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The Sorrows of Werter

By Johann Wolfgang Goethe


August 10.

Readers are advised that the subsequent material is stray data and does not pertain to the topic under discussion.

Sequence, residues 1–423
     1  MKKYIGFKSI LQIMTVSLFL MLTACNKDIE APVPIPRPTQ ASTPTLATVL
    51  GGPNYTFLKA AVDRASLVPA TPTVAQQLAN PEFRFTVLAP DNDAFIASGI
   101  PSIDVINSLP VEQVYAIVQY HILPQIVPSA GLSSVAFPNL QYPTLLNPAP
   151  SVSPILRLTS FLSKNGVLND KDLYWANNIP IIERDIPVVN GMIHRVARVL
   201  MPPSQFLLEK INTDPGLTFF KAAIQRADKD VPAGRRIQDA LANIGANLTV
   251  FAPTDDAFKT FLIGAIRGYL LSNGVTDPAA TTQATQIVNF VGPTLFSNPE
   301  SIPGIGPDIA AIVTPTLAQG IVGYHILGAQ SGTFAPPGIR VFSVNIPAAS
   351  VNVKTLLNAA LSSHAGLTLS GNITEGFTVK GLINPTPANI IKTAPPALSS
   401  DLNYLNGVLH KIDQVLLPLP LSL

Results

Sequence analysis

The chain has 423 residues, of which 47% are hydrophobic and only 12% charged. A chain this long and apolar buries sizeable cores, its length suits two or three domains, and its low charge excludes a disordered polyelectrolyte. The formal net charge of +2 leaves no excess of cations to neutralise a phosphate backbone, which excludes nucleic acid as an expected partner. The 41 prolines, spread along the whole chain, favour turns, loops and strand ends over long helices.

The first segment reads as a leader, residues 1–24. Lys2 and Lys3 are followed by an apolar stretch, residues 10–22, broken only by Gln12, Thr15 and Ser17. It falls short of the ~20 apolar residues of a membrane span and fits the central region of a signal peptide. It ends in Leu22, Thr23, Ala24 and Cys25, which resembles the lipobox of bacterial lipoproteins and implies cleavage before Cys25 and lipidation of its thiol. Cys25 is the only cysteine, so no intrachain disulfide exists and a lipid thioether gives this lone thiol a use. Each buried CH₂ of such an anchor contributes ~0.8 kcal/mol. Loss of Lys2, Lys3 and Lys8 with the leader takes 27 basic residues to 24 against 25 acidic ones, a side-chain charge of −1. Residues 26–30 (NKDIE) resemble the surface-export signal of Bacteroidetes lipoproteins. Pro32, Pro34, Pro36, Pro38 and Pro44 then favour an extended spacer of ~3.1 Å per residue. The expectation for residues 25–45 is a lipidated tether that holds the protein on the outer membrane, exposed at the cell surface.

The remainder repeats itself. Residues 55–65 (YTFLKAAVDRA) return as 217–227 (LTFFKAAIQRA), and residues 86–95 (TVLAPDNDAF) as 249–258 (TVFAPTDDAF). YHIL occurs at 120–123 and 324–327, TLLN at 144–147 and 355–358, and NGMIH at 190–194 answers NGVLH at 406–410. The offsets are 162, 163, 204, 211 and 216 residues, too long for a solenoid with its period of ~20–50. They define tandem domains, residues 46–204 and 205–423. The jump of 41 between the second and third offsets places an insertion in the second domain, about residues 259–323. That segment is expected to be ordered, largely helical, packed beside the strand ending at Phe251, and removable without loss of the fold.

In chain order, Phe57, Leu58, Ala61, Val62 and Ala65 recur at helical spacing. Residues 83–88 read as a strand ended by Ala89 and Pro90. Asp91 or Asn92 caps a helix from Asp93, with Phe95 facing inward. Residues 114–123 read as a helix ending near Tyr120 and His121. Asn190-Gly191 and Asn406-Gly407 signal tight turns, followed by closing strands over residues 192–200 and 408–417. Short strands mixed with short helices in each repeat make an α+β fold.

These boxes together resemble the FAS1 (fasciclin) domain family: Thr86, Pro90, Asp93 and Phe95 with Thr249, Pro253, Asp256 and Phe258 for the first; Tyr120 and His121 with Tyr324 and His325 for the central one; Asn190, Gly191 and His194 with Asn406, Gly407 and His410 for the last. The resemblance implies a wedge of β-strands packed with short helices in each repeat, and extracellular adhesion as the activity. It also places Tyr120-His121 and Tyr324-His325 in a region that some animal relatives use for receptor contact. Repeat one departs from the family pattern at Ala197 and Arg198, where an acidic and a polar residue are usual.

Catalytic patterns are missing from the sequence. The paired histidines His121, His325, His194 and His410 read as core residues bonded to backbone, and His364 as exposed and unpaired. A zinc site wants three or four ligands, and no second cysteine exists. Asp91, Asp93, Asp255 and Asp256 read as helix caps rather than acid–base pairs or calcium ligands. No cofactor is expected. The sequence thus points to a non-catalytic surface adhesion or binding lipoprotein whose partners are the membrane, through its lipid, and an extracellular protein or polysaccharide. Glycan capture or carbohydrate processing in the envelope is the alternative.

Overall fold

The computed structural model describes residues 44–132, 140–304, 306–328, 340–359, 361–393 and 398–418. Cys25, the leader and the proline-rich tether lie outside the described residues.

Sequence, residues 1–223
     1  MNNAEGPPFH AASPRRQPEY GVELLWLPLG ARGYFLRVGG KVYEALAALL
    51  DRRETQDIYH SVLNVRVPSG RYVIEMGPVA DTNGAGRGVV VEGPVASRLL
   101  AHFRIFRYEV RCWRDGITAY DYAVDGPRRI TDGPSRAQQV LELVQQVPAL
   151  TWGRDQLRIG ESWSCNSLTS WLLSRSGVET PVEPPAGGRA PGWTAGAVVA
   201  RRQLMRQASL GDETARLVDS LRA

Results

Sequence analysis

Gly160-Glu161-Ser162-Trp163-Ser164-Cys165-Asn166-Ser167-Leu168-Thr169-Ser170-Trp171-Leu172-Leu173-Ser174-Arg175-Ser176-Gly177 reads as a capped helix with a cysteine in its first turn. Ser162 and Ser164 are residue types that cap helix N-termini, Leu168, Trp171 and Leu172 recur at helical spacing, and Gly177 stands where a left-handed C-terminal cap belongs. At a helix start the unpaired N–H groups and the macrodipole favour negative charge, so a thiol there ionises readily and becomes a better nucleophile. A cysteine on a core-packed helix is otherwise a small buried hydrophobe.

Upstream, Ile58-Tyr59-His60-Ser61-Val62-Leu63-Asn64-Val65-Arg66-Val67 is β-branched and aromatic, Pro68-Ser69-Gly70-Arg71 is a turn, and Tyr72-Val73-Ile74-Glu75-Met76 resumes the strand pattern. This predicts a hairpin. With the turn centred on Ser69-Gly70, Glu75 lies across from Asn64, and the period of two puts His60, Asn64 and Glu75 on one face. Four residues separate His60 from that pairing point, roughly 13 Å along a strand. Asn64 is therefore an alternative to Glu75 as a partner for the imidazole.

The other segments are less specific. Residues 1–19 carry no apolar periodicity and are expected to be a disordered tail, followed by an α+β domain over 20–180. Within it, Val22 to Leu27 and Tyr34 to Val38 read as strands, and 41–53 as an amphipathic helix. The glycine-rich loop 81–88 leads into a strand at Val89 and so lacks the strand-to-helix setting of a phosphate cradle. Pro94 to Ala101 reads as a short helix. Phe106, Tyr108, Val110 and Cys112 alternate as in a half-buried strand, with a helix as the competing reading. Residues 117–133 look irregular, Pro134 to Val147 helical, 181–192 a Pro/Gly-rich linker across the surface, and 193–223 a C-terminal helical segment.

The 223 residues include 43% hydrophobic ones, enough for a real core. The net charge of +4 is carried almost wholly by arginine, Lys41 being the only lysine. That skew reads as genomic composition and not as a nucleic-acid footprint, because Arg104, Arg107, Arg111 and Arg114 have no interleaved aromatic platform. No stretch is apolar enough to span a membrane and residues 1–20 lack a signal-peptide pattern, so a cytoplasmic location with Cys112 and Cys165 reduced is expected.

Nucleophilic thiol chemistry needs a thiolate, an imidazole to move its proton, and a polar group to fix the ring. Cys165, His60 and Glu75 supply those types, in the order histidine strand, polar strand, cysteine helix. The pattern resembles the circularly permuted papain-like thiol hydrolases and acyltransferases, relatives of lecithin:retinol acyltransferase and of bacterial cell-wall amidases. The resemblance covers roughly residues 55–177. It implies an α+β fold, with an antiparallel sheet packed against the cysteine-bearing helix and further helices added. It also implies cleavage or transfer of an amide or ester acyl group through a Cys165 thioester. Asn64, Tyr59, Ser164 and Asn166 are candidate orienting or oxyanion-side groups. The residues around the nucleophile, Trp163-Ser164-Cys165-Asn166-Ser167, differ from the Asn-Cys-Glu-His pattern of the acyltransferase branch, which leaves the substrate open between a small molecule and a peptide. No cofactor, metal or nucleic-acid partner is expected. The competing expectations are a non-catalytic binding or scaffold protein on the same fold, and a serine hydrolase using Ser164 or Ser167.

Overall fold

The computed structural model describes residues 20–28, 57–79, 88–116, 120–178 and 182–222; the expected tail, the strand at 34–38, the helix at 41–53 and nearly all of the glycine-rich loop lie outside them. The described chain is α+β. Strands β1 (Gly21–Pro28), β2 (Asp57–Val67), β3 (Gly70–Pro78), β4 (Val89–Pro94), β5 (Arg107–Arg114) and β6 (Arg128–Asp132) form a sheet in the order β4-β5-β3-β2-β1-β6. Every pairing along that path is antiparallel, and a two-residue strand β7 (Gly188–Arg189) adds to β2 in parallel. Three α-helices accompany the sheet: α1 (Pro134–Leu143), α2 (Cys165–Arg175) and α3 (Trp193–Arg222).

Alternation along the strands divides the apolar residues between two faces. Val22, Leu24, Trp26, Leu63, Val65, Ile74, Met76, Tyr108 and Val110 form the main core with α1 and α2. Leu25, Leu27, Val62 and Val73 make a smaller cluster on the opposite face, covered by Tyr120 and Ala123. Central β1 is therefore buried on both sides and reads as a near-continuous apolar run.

IF I were not deprived of all understanding, I might lead the happiest life in the world here; so many agreeable circumstances, and of a kind to make a worthy man happy, are seldom united. Alas! I feel it but too sensibly! happiness depends solely on the mind! To be considered as making part of the most amiable family in the world, to be beloved by the father as a son, by the children as a father, and by Charlotte -- and this worthy Albert, {74} who does not interrupt my happiness by any stroke of ill-humour, who salutes me cordially, and prefers me to every thing but Charlotte. In fact, nothing can be more ridiculous than our connection, and yet I am frequently softened even to tears. When he talks to me of Charlotte's most respectable mother; when he describes to me her last moments, and the affecting scene in which she gave up to her daughter the care of her children and family; when he tells me how Charlotte immediately assumed another character; what a skilful economist, and an active housewife she became, and what a tender mother; every day displaying all these qualities, and yet preserving her agreeable chearfulness and vivacity; I walk by the side of him, pick up flowers by the way, with great attention make a nosegay, and -- throw it into the first brook I come to, and watch it as it glides gently down. I don't recollect {75} whether I told you that Albert is to settle here. He is much esteemed at court, and has obtained a place which brings him into a good income. I have seen few men so punctual and methodical in business.